• News24 hit the street to find out what Capetonians will be doing to ensure their Christmas is Covid- friendly this year.
  • Some people thought a virtual Zoom Christmas was best, while others suggested getting creative with family “pods” in the garden.
  • Sticking to the basics was a common thread, remembering to wear a mask at all times, physical distancing, and regular sanitising of hands.

The festive season is in full swing but this year, December celebrations and Christmas will be very different to what South African’s are used to.
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The threat of a second wave of Covid-19 infections looms, and many areas such as the Garden Route, a popular holiday destination, has been identified as a Covid-19 hotspot. 
News24 hit the street to find out from Capetonians what measures they’ll be introducing this Christmas to keep their families safe and to ensure that their festive gatherings are “Covid-friendly”.
Most people said they’d be sticking to the basics, keeping masks on until it’s time to eat, maintaining a social distance, and making sure to keep their hands sanitised to ensure the virus isn’t spread between family members and friends.
“I think the best thing is just to maintain distance, or if you do decide to greet granny, sanitise properly and put a mask on… for her safety more than your own safety because it’s more dangerous for them than it is for you,” said Nadim Malek, a chartered accountant.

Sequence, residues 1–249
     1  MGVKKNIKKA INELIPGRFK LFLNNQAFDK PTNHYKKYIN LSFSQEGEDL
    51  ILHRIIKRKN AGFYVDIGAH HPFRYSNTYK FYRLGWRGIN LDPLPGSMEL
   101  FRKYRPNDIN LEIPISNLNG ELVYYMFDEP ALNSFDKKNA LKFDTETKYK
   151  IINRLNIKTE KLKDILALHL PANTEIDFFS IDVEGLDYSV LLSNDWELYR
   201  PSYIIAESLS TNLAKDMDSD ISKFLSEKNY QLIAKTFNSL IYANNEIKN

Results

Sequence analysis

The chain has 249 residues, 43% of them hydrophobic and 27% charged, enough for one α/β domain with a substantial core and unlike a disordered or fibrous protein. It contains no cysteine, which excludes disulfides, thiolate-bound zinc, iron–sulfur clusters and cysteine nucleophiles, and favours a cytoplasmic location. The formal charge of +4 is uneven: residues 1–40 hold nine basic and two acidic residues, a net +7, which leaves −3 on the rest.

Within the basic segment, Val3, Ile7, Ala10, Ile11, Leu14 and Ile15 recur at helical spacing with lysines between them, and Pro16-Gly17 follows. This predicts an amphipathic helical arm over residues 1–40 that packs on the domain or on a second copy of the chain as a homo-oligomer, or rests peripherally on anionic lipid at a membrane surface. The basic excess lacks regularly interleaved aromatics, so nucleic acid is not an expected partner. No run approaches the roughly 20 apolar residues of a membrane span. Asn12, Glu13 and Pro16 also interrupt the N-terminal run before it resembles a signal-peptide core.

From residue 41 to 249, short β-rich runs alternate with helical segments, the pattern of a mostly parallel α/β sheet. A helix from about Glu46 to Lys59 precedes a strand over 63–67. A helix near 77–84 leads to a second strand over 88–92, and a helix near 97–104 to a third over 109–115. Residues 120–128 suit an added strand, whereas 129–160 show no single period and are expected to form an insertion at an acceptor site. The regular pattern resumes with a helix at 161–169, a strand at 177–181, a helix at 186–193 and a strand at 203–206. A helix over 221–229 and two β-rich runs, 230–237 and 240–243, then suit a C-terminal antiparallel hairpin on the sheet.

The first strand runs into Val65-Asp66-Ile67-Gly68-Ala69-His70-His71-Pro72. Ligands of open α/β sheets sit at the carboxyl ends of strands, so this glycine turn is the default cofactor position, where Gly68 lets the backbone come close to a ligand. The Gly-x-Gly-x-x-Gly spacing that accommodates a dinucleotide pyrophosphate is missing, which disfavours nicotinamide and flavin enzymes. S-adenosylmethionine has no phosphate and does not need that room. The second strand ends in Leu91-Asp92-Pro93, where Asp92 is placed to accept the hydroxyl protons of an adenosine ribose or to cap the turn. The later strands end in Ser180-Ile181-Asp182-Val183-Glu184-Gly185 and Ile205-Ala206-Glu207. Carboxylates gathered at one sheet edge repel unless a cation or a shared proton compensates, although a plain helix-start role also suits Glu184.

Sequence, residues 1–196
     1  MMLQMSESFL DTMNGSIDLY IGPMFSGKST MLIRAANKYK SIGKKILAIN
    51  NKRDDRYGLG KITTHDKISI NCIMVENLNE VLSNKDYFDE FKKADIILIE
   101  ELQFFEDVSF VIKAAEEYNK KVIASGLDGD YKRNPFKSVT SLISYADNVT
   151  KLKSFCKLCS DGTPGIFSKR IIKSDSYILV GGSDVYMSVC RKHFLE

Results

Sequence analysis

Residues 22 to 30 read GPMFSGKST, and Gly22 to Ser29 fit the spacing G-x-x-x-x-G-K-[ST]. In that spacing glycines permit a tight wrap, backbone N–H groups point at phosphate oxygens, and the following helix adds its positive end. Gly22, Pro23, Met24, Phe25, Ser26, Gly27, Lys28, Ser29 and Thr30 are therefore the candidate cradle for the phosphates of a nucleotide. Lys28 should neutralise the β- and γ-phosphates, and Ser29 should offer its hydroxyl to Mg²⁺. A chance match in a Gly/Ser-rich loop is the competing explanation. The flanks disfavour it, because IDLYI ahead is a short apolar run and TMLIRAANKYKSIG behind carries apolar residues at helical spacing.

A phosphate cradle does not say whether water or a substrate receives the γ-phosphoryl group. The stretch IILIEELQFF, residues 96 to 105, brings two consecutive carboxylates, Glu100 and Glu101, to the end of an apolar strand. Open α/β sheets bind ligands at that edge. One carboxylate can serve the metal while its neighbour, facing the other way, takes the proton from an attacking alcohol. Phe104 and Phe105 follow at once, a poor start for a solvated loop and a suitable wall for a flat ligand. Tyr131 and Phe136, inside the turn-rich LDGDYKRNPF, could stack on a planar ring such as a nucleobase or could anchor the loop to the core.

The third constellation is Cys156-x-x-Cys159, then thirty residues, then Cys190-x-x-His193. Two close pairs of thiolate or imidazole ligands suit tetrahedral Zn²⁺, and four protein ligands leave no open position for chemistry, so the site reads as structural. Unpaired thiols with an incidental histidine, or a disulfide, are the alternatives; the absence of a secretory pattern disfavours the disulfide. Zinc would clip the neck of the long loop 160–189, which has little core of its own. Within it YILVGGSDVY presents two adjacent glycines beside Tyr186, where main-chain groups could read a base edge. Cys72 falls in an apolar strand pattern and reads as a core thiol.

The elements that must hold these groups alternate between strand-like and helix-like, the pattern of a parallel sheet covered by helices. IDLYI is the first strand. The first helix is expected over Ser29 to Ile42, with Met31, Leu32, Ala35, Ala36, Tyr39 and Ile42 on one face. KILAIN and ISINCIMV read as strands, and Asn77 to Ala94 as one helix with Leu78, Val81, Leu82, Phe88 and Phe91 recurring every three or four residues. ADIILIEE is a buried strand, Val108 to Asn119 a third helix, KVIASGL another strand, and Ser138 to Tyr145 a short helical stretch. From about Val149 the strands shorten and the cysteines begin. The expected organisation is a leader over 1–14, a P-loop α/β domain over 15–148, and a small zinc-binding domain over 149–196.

Malek and his wife said their family are going to the Kruger National Park over the festive season, but decided that their grandparents, who they live with, are going to stay at home this year because travelling for them is too risky.
Software engineer, Sean Welgemoed, said the best way to mitigate the spread of the virus is to use some of the virtual options people have become so accustomed to over this year.
“You’re going to be seeing less people this year, it’s going to happen, if you can do things over Zoom, there’s a lot of options that you can have above and beyond seeing people in person,” he said.
Some families have come up with creative ways to make sure they can be together on Christmas, while still maintaining the appropriate social distance. Matriculant Sarah Orton, and her family have decided to introduce “family pods” or “picnic areas”.
“Each family will be in their own pods in the garden, socially distanced, so sitting a few meters away from each other…  we’re all going to have good food together and we’re still going to spend time with each other but socially distanced,” she said.
Keeping family events outside seems the best way to make sure the virus isn’t spread said data capturer Justin Josias.
“There’s more fresh air available, so if you are in a secluded room everybody shares the same air space and that’s not quite sanitary,” he said.
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